|Sunrise near Grand Cayman|
There are times when the least-affirming job in the world is to be a writer. Times when putting a single sentence together is beyond our grasp. I have those moments. Every writer I know has those moments and every time there is a tiny grain of fear inside that whispers, "this is happening because you're not really a creative type. You're a fraud."
I hate those times.
I had a version of this happen last winter. I was frozen. I had just finished Protecting the Quarterback, was writing my Billionaire Cowboy books, brainstorming a new series idea...and I found myself frozen. I knew what needed to be done with my Cowboy books, I was waiting on edits for Quarterback, and I had a general idea of what I wanted to go for with the new series. I had firm ideas on how to push my writing forward, how to tell bigger stories that still held the heart and small-town-ness that I like in all my books. I had ideas, but every time I opened the file for my WIP, or the file for the new series, the doubt crows started in on their chorus.
"This isn't good enough. Stop, already. What if they don't like ____. What if you're tweaking it wrong? What if you ruin everything good about the book?" I hated that crow and yet he had me dead in his grasp. I opened the files. He started talking. I ran as fast and as far from the pages as I could.
I whined all over my writer friends, asking for advice on the situation, and I got some tough love. "Open the &^%$ file and start writing." and "Kill the crow, beat it to a pulp and when it squawks again tell it to &^^$ off."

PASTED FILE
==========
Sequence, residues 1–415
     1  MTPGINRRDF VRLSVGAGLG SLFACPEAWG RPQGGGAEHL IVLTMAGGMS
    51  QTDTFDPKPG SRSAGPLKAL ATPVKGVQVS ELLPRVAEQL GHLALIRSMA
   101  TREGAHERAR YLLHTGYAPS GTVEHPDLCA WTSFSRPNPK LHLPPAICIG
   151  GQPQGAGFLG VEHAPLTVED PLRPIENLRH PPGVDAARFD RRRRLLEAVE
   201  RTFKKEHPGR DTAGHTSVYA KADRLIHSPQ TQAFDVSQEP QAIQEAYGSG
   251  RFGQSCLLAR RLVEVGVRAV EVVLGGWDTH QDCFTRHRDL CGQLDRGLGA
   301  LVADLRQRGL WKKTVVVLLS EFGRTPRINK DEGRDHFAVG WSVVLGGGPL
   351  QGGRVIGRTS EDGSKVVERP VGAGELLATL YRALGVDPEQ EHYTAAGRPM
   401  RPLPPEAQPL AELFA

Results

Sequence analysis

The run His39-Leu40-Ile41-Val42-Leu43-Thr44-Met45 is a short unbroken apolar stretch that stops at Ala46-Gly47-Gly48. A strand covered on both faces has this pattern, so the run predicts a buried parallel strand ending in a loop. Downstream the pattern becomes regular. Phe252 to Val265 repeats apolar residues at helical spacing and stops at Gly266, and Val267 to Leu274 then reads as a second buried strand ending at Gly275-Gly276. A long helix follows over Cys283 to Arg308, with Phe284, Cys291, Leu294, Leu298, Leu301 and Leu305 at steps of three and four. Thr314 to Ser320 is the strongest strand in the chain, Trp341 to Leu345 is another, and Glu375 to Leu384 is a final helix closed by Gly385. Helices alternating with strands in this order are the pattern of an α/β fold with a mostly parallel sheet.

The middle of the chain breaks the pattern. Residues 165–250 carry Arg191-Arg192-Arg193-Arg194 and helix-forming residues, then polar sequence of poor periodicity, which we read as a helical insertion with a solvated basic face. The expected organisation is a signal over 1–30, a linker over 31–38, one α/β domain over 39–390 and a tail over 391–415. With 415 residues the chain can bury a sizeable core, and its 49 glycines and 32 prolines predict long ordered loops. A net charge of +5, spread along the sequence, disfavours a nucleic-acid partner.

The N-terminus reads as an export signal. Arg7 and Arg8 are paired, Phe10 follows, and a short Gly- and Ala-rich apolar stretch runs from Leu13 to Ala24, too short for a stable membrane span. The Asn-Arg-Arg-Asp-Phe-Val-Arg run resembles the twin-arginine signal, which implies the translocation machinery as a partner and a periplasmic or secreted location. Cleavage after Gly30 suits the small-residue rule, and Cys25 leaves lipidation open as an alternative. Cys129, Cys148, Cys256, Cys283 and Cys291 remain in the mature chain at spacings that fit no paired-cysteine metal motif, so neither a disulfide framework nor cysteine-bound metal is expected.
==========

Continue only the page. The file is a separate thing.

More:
And so I tried to quiet the crows by opening the files, and yet the crows started in. I caved. Closed out the file and closed the door to my office and had a nice pity party in our bedroom. I consoled myself with the fact that I'd written a few books that have sold decently, it wasn't such a big deal that I didn't have anything left to write about.
A little voice kept pushing at me, though, asking if I really didn't have anything left, or if I was too afraid to see what there was that was left.
That's when I did a kind of crazy thing. My family was out, so I had the house to myself - no one to hear the nervous breakdown I was about to have! I went into the bathroom with a sheet of paper and read to myself from a list of affirmations I've had on my desk for years. I read slowly and quietly. Mumbled, actually. I looked at myself in the mirror and rolled my eyes. Then I read a little louder. And the next time I tossed the paper into the hallway and just talked to myself. I took those affirmations, made them my own and relevant to the situation. I was still a little shaky but after that 10 minute affirmation pep talk I felt better.
I opened the WIP and the crows were quieter. It was as if there was an angel on my shoulder, reminding me of the affirmation. Reminding me of the good things I've found to write. Each day that I wrote, the crow grew quieter and the angel more boisterous. I finished all three of my cowboy books, Quarterback came out in May, and I just learned that the proposal for the second book in my new series has been approved (and while I'm writing it, I'm waiting on edits for the first).
Tat last paragraph isn't a brag, but another affirmation. Because the negative self-talk is possibly more detrimental than anything else we creative type people do. It's something I've always struggled with because I was raised not to be egotistical and in my mind confidence and ego are inextricably linked. My affirmations are helping me break that connection. But that is another post.
* I am responsible for my own destiny.
* I am creative; I can paint vivid images with words.
* I believe in myself.
* My words flow easily and beautifully.
* I find inspiration everywhere.
* Rejection is part of the process; with it, I will find a way to success.
What's on your affirmations list?